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AEIOU TIPS of AMS
- Acidosis, Alcohol
- Uremia (kidney failure)
- Trauma, Tumor, Toxin
- Insulin (hypoglycemia or DKA)
- Psychosis, poison
- Stroke, seizure
What is a reversible encephalopathy characterized by ataxia, eye muscle weakness and mental derangement?
What is an irreversible psychosis characterized by memory disorder usually associated with alcoholics?
What are the two main types of stroke?
- Occlusive -- blocked by a clot or other foreign matter
- Hemorrhage stroke
What are the two types of occlusive strokes?
Embolic -- a solid, liquid, or a gaseous mass carried to a blood vessel from a remote site. Occur suddenly and may be accompanied by severe headaches
Thrombotic -- caused by a cerebral thrombus. A clot formed in the brain. S/S develop gradually. Usually occur at night. Pt usually awakens with AMS.
What is hemiplegia?
Paralysis on one side.
What is hemiparesis?
Weakness on one side.
What is paresthesia?
Numbness and tingling
What is ataxia?
Uncoordinated muscle movements.
What is a seizure that is a brief, generalized seizure that present with a 10 to 30 second loss of consciousness or awareness?
What is a series of two or more generalized seizures without an intervening return to consciousness?
What are the four classifications of syncope?
Cardiovascular, Hypovolemia, Noncardiovascular, Idiopathic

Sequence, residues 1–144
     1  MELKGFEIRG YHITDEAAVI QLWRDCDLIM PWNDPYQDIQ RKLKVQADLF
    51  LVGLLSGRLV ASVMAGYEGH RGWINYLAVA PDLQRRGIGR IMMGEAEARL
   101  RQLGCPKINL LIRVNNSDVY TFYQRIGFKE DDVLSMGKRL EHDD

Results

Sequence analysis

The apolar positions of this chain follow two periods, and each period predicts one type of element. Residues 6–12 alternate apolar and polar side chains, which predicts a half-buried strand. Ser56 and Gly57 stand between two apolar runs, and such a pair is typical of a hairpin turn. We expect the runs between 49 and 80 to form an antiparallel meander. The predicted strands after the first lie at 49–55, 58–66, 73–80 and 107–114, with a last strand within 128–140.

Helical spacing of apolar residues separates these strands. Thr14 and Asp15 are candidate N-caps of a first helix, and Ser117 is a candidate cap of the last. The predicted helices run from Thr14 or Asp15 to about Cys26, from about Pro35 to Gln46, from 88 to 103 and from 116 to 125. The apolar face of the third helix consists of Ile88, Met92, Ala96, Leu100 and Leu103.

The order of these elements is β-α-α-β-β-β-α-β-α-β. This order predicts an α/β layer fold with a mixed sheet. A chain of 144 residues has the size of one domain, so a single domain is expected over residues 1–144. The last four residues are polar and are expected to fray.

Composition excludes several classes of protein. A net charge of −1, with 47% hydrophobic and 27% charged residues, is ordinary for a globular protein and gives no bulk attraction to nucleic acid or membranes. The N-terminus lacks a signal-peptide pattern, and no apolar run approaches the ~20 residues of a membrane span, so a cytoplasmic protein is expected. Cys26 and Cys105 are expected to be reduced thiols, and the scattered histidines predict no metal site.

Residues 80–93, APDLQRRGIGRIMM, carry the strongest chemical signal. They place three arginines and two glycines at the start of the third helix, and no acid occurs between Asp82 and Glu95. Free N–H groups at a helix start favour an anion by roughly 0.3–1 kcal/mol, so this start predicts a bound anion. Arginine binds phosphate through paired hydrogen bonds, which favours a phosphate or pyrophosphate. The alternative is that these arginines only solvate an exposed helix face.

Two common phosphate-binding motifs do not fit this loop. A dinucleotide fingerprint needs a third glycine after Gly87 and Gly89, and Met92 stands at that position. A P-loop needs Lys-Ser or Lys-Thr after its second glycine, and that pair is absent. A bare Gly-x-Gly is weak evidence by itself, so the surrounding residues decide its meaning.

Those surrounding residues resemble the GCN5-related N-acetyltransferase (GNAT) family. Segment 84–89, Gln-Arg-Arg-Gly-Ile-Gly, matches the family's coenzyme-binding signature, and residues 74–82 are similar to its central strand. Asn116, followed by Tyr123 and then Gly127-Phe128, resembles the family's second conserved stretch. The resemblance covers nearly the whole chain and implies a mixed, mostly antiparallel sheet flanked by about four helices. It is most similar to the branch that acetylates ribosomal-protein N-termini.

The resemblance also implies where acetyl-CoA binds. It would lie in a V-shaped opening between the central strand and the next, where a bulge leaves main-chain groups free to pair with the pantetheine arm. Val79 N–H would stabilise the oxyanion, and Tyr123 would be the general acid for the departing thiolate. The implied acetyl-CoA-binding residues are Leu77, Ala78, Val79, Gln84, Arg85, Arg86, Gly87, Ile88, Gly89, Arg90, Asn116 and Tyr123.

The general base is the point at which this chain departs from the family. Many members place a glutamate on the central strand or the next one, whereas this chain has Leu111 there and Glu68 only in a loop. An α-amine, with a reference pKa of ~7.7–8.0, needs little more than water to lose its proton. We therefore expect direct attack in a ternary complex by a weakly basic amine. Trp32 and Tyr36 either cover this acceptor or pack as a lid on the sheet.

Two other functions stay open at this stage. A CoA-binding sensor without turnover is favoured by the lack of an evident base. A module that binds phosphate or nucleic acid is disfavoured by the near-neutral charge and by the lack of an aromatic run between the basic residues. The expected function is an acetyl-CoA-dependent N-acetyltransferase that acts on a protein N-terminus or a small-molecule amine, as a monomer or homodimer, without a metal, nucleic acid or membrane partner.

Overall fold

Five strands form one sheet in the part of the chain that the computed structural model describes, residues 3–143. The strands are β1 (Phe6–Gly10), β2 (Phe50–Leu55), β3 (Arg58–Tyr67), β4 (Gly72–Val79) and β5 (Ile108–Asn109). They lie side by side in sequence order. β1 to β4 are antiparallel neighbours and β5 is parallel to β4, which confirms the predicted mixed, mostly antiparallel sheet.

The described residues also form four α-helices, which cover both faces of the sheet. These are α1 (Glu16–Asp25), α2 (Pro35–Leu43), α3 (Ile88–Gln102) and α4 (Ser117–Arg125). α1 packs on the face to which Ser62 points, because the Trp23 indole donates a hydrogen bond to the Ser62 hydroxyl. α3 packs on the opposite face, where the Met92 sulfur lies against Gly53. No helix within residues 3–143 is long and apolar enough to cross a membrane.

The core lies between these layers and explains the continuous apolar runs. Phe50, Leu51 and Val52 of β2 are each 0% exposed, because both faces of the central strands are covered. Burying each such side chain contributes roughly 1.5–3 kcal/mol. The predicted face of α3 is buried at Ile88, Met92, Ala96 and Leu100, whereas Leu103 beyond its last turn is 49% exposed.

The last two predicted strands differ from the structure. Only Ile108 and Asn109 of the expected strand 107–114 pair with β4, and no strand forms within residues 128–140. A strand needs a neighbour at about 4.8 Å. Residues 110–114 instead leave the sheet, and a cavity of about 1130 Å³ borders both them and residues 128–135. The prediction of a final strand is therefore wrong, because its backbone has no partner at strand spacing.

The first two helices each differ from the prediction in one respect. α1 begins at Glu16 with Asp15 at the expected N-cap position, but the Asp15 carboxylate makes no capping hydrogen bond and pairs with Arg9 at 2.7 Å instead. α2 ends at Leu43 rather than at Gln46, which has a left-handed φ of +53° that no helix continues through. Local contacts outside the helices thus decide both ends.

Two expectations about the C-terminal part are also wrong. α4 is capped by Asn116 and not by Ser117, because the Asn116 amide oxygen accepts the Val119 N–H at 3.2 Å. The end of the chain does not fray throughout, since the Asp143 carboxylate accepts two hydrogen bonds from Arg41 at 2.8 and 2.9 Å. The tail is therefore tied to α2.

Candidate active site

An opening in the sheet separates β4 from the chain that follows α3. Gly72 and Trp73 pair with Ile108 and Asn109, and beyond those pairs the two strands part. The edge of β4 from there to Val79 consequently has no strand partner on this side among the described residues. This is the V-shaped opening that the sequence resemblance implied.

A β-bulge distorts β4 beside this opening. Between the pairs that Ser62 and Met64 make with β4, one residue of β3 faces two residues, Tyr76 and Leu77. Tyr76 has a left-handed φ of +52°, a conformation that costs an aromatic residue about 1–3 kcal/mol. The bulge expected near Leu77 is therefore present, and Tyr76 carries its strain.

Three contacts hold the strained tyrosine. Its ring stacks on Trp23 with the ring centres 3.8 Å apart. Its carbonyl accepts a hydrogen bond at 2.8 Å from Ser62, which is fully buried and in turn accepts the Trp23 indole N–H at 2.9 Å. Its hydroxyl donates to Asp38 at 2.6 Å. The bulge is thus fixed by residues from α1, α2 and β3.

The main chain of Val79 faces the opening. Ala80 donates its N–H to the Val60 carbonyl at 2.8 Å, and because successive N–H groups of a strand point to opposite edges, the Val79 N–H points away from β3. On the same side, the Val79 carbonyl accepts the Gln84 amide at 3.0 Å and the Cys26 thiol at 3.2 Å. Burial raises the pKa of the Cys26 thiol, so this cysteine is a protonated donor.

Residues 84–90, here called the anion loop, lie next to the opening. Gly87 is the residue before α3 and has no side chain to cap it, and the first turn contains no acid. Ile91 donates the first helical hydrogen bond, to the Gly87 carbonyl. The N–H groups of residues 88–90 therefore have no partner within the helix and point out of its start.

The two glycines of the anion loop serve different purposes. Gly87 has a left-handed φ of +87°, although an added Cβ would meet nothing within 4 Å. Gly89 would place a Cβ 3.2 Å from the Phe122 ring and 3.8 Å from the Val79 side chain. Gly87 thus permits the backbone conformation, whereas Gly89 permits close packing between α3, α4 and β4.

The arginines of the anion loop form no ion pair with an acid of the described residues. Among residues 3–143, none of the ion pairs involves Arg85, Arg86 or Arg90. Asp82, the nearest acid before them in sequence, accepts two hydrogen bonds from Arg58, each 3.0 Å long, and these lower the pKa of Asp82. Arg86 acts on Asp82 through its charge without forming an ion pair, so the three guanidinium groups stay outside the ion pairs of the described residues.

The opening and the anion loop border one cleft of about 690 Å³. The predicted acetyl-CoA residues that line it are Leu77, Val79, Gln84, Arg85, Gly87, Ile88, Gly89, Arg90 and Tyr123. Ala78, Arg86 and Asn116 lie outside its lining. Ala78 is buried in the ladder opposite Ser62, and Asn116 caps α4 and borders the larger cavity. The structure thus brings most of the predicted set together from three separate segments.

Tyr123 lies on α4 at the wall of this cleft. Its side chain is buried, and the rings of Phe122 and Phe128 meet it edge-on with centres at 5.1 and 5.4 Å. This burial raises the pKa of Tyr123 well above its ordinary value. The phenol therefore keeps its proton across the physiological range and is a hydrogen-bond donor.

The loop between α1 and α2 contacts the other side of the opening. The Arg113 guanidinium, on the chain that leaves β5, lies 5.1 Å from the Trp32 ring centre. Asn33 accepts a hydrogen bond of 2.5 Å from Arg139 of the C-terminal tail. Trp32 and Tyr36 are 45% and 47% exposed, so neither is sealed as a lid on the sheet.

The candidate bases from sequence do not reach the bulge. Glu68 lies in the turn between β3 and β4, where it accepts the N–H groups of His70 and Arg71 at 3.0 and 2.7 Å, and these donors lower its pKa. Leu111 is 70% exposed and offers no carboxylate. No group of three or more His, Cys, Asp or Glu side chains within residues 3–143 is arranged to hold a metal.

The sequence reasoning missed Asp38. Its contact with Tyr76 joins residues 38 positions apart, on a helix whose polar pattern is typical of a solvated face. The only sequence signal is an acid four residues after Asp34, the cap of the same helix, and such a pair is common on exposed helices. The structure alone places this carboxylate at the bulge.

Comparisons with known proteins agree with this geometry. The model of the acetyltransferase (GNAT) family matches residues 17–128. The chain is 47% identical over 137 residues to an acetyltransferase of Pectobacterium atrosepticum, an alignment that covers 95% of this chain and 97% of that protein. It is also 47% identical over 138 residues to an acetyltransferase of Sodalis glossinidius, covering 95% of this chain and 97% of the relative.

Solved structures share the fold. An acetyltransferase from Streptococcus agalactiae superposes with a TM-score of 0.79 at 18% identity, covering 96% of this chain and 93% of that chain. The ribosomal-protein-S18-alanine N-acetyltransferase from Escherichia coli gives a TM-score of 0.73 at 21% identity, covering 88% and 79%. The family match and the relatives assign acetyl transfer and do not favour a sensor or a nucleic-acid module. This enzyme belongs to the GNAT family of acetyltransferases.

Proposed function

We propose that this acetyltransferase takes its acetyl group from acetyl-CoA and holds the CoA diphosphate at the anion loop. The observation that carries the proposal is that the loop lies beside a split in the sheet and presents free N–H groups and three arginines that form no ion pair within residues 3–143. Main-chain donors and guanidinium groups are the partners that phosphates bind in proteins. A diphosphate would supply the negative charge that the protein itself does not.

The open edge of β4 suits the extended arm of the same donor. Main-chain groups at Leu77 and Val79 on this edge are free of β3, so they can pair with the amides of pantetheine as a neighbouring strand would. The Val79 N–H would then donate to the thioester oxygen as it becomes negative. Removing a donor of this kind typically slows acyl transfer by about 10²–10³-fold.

A continuous throbbing headache with fever, confusion and nuchal rigidity (stiffness of the neck) are classic signs and symptoms of what?
What are the two most common cranial nerve disorders encountered?
Bells Palsy and trigeminal neuralgia
What is Bell's Palsy?
Sudden unilateral weakness or paralysis of the facial muscles. Due to a dysfunction of the seventh cranial nerve (facial nerve).
What is trigeminal neuralgia?
Painful electrical shock type spasms and pain on one side of the face. Often around the eyes, cheek, and lower part of the face.
What is a brain abscess?
A collection of pus localized in an area of the brain.
A progressive disease that affects the elderly and causes marked atrophy of the brain.
Characterized by progressive muscle weakness and degeneration of the skeletal muscle.
An unpredictable disease of the CNS which involves the demyelination of the of nerve fibers
A serious disorder that occurs when the body's immune system attacks peripheral nerves, leading to inflammation of nerves. Causes muscle weakness or paralysis. Usually starts in the legs and progresses to the arms.
A group of disorders causing muscle contractions that cause twisting and repetitive movements, abnormal postures or freezing in the middle of an action.
A chronic and progressive disorder characterized by tremors, rigidity, bradykinesia (loss of normal movement), and postural instability.
Condition resulting from damage or injury to the brain, brain stem or spinal chord. Characterized by intense, steady pain described as burning, aching, tingling, or a "pins and needles" sensation.
Central Pain Syndrome
Progressive degeneration of nerve cells that control voluntary movement. Characterized by weakness, loss of motor control, difficulty speaking and cramping. Eventually weakens the diaphram.
Amyotrophic Lateral Sclerosis (ALS) or Lou Gehrig's disease. Pt's usually die within 3 to 5 years of diagnosis.
A term that refers to temporary, involuntary twitching or spasm of a muscle group. Not usually a diagnosis, but a symptom.
A neural defect that results from the failure of fetal vertebrea to close.
An infectious, inflammatory viral disease of the CNS that sometimes results in permanent paralysis.